The College Football Playoff enters its seventh season in 2020, and continues to be a marked improvement over its predecessor, the BCS. The playoff committee will have its hands full this season though, as due to the Covid-19 pandemic, teams from the three major conferences left standing – the ACC, including Notre Dame, the SEC, and the Big 12 – will be playing at most a single out of conference game, giving the committee very few opportunities to judge the relative strengths of conferences against each other. Could this be the season where three SEC teams make the playoffs? It isn’t a far-fetched notion, as the SEC is widely considered the strongest conference. For instance, what would happen if a one-loss Georgia or Florida knocks off undefeated Alabama in the SEC championship, and the SEC West runner-up also has one loss, leaving the SEC with three one loss teams? Or, does the grind of conference play wear down the Power 3, allowing an undefeated UCF or Cincinnati team from the American to sneak into the playoff? Without a slew of non-conference games as a measuring stick, “the eye test” will be even more important this year as teams attempt to impress the committee.
Part 1 of our College Football Preview broke down the conference races and will be the basis of these playoff predictions, so make sure to check it out for additional context.
After the conference championships are played on December 19th, here are the the top teams in each conference. Even though The Common Room did not break down the American, UCF is considered the strongest team, and will be favored in every game (they host Cincinnati during the regular season in Orlando). Let’s assume they are the undefeated AAC champion with a 10-0 record.
- Clemson (champion) – 11-1
- Best wins – Notre Dame (ACC championship), Miami (8-3)
- Losses – Notre Dame (regular season)
- Notre Dame – 11-1
- Best wins – Clemson (regular season), North Carolina (9-2), Louisville (9-2)
- Losses – Clemson (ACC championship)
- Alabama (champion) – 11-0
- Best wins – Georgia (twice), LSU, Auburn
- Losses – none
- Texas A&M – 9-1, 5-1
- Best wins – Florida, Auburn, LSU
- Losses – Alabama
- Georgia – 9-2, 6-0
- Best wins – Florida, Auburn
- Losses – Alabama (twice)
- Oklahoma (champion) – 10-1
- Best wins – Iowa State (Big 12 Championship), Oklahoma State, Kansas State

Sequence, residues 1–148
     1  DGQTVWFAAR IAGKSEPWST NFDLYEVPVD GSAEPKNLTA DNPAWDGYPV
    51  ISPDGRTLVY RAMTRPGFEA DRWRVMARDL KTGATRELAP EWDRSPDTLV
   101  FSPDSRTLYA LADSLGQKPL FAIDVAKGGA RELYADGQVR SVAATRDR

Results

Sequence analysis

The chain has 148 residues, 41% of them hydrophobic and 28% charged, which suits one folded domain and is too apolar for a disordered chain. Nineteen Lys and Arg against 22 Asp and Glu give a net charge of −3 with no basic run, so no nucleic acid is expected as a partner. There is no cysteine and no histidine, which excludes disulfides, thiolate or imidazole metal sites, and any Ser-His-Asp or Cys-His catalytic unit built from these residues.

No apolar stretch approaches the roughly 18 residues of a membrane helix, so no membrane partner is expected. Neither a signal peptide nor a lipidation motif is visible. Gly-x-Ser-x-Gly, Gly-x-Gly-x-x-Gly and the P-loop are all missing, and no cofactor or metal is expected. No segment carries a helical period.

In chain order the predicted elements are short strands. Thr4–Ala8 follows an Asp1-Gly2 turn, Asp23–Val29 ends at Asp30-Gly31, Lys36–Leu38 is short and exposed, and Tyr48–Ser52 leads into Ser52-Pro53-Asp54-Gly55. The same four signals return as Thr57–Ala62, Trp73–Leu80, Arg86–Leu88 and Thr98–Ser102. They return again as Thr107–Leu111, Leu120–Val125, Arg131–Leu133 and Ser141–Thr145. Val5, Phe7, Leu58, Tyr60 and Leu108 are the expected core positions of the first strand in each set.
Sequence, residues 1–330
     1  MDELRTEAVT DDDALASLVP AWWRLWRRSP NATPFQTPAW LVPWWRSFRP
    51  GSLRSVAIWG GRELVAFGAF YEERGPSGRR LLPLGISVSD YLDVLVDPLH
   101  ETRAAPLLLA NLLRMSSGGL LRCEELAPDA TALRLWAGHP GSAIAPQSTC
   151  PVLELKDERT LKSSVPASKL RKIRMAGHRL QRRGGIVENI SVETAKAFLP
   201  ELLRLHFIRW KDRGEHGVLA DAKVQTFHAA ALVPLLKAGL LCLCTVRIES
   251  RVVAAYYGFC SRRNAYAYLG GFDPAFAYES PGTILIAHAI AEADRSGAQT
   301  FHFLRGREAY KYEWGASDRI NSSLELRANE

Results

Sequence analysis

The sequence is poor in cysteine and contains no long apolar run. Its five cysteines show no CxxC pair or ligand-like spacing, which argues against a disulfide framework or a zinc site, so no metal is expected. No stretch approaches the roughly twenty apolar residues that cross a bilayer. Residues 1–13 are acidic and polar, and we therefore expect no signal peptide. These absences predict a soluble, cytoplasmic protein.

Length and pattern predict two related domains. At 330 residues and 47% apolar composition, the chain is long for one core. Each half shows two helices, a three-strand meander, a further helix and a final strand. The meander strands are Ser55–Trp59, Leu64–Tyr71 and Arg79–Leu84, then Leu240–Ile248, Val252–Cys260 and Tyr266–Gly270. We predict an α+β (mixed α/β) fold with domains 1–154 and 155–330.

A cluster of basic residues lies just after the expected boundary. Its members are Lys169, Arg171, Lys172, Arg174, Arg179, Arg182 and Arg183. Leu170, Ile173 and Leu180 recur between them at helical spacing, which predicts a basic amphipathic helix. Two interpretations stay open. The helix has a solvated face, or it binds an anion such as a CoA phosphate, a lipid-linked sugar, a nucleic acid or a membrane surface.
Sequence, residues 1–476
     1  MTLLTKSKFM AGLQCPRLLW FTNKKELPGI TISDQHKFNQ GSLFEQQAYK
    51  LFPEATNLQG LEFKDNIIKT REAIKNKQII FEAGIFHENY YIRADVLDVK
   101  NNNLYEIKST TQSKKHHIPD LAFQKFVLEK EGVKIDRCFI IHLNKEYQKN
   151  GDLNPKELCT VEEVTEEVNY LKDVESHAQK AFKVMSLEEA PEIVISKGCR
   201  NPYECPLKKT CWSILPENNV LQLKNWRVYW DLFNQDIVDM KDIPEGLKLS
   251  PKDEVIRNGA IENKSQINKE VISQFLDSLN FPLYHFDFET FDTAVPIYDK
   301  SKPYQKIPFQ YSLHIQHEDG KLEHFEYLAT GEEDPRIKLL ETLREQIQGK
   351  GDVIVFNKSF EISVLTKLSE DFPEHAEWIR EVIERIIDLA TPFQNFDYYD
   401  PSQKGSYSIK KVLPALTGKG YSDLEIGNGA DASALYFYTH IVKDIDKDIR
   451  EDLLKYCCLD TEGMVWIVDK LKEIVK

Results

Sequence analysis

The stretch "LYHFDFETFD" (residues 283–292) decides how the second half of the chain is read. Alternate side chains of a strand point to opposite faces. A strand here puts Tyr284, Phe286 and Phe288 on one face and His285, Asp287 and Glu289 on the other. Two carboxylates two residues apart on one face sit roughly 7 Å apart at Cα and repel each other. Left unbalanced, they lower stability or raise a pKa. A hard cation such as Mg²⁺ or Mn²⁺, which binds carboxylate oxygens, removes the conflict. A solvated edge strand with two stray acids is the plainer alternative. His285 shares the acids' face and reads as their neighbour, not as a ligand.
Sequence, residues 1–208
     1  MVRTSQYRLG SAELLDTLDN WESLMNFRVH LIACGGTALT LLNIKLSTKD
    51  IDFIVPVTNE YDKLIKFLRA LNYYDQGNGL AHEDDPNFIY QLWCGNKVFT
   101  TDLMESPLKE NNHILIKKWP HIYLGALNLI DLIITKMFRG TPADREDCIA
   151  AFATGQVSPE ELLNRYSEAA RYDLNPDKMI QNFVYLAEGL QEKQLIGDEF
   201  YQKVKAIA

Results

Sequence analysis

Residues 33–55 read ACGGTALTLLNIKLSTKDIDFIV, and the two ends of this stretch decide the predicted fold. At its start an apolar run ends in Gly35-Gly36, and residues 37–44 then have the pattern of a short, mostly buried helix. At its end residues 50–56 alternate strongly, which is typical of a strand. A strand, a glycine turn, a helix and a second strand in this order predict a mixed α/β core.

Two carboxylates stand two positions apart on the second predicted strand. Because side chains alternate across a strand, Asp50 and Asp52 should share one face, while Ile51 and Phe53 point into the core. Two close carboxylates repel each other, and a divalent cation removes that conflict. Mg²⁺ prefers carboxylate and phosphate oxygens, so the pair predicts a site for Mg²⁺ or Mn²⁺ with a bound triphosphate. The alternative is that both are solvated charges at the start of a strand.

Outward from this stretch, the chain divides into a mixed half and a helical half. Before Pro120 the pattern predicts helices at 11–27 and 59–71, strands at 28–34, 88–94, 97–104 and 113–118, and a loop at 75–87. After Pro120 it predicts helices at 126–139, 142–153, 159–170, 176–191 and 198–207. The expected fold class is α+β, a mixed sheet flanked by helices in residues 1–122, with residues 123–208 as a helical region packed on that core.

- Losses – Iowa State (regular season)
- Iowa State – 9-2
- Best wins – Oklahoma (regular season), Kansas State
- Losses – Oklahoma (Big 12 Championship), Oklahoma State
- UCF (champion) – 10-0
- Best wins – Cincinnati (twice), Memphis
- Note – UCF’s only non-conference game is against Georgia Tech in Atlanta, who is predicted to finish 1-10 and last in the 15-team ACC
- Losses – none
- Best wins – Cincinnati (twice), Memphis
The three conference winners would be locks into the playoff and take the top 3 seeds, leaving the committee to decide the fourth seed among Notre Dame, Texas A&M, Georgia, Iowa State, and UCF. The committee would eliminate Iowa State and Georgia with each team having two losses. Bulldog fans would point out that their only losses were to the top-ranked team in the country, but the fact remains that they have the easiest schedule of any SEC contender, as they avoid LSU and Texas A&M in cross-divisional games while getting to feast on the weaker SEC East. Of the three remaining teams – Notre Dame, Texas A&M, and UCF – Notre Dame would get the nod as the fourth seed due to owning the best victory of the group (over Clemson, a playoff participant), an undefeated regular season record against the strongest ACC schedule (with projected wins over the second, third, and fourth place teams in the conference), and a regular season conference title. Texas A&M would not have even played for a conference title and would have lost to the best team they played, while UCF would again be on the outside looking in due to a weak strength of schedule, with the non-conference game against rebuilding Georgia Tech doing them no favors. Additionally, practically speaking, an 11-0 Notre Dame team heading into the ACC Championship would be ranked #2 behind Alabama, and the committee would not drop them out of the top 4 after losing a hard-fought game at a neutral site to a Clemson team they had already beaten.